Heifer's first calf

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Anonymous

I am concerned about Mastitis. She is a 2yr old heifer and this is her first calf (2/23), her bag looked to be inflamed. We live in Minnesota, lots of snow this year and very cold. We don't have a Vet in our area, so we have to rely on word of mouth, which has been very helpful since we are new at raising beef cattle. Anyway, her calf does not seen to be nursing, gave the calf colostrum. (we could just be missing her nursing) had her first stool this morning (yellow and sticky) hope this is a good sign. How do I check for Mastitis? Do the nipples sometimes plug up? help, I'm sure some of these questions sound stupid, but any input would be greatly appreciated. Jackie
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OP
A

Anonymous

Is the calf alert? Are her eyes bright? Is she urinating and stooling regularly? These are good signs. Is the calf humped up, eyes dull, skin sticks together when you pinch it? These are bad signs. <p>Check the mother's udder. Is the hair around the nipples wet or swirled? This could give you a clue that the baby's nursing. <p>I have seen some redness on the udder of some of our cows when the udder is very engorged. The engorgement can be caused by the calf not nursing or by a larger than usual supply of milk. The redness can be from a full udder or it could be an actual case of mastitis. Is the udder hot where the redness is?<p>Can you put the cow in a head catch or chute and milk her out? I would milk her about halfway out and freeze the milk. Removing some of the pressure in her udder will make it easier for the calf to nurse if her udder/nipples are sore. You may have to do this more than once. <p>Most importantly, spend time observing the pair. If the calf is not nursing, do not wait. Tube or bottle feed the calf to keep it hydrated and to keep its strength up so it can nurse when it's ready.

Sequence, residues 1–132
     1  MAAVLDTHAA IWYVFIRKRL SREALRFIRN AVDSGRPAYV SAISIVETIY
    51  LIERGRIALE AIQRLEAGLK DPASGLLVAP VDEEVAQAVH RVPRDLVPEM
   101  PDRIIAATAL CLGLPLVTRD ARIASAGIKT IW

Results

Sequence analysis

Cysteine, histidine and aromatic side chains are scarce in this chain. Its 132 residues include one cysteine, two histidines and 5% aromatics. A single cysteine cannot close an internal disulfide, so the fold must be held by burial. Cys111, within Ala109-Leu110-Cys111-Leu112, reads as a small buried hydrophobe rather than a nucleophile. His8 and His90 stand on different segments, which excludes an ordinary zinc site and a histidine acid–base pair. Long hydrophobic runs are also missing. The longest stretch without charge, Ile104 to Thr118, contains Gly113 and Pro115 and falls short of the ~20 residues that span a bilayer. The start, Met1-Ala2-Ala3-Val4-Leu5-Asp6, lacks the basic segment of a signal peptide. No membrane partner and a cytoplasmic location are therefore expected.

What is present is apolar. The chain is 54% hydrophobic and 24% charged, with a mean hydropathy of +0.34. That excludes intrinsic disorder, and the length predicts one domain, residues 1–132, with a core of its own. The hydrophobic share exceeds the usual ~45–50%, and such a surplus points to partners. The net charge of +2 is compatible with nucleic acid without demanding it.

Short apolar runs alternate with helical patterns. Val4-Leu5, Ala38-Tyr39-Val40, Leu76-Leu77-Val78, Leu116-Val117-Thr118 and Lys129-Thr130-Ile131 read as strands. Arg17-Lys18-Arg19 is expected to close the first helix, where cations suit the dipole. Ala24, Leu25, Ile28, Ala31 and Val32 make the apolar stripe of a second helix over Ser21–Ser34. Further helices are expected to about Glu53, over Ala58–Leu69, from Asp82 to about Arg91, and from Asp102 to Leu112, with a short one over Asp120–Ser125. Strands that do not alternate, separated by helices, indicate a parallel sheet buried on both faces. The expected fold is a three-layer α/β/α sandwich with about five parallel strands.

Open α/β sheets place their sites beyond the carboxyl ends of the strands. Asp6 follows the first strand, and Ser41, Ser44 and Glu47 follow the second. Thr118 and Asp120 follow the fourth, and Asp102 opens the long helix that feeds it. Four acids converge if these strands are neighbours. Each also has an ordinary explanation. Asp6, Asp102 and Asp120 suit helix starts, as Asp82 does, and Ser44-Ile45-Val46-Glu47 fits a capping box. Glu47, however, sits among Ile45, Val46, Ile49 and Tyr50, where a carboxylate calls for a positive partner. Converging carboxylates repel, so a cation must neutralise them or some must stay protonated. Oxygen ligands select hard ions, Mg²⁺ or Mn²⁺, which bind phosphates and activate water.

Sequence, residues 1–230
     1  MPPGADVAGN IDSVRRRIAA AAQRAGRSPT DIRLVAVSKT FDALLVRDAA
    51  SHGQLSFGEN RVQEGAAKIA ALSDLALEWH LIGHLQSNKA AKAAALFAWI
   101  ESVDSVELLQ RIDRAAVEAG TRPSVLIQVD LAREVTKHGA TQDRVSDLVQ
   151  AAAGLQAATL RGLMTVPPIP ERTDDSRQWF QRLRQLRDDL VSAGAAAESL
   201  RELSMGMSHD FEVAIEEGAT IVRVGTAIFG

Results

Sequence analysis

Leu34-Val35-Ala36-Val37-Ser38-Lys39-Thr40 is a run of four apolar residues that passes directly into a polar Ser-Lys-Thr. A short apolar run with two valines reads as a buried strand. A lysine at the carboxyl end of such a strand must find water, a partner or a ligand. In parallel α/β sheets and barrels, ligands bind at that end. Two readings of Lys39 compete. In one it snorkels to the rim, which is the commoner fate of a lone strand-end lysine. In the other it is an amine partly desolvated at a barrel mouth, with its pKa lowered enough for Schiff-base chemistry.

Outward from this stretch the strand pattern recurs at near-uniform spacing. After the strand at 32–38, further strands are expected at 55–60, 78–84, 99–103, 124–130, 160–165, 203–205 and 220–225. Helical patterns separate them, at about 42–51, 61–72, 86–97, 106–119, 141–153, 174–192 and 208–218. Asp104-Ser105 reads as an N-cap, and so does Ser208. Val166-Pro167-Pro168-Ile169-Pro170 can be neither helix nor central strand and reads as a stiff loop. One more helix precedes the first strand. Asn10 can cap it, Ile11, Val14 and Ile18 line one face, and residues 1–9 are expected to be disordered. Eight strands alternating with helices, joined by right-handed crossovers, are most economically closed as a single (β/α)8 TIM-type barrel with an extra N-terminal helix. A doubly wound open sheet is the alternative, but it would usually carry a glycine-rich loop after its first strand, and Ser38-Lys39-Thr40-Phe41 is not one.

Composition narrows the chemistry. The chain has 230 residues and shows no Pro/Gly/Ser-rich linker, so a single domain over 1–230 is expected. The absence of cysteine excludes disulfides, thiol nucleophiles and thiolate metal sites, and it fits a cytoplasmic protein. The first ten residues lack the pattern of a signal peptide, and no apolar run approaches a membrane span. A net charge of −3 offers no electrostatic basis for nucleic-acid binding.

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<ul><li><a href="http://www.murraygrey.com">Rafter L Murray Greys</a></ul>
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OP
A

Anonymous

> Is the calf alert? Are her eyes
> bright? Is she urinating and
> stooling regularly? These are
> good signs. Is the calf humped
> up, eyes dull, skin sticks
> together when you pinch it? These
> are bad signs. Check the
> mother's udder. Is the hair
> around the nipples wet or swirled?
> This could give you a clue that
> the baby's nursing. I have seen
> some redness on the udder of some
> of our cows when the udder is very
> engorged. The engorgement can be
> caused by the calf not nursing or
> by a larger than usual supply of
> milk. The redness can be from a
> full udder or it could be an
> actual case of mastitis. Is the
> udder hot where the redness is?
> Can you put the cow in a head
> catch or chute and milk her out?
> I would milk her about halfway out
> and freeze the milk. Removing
> some of the pressure in her udder
> will make it easier for the calf
> to nurse if her udder/nipples are
> sore. You may have to do this
> more than once. Most
> importantly, spend time observing
> the pair. If the calf is not
> nursing, do not wait. Tube or
> bottle feed the calf to keep it
> hydrated and to keep its strength
> up so it can nurse when it's
> ready. Rafter L Murray Greys

Try using some milking needles...wet them before inserting them...drain tits until empty and saggy..might have to do this a couple of times, they might be plugged up
 

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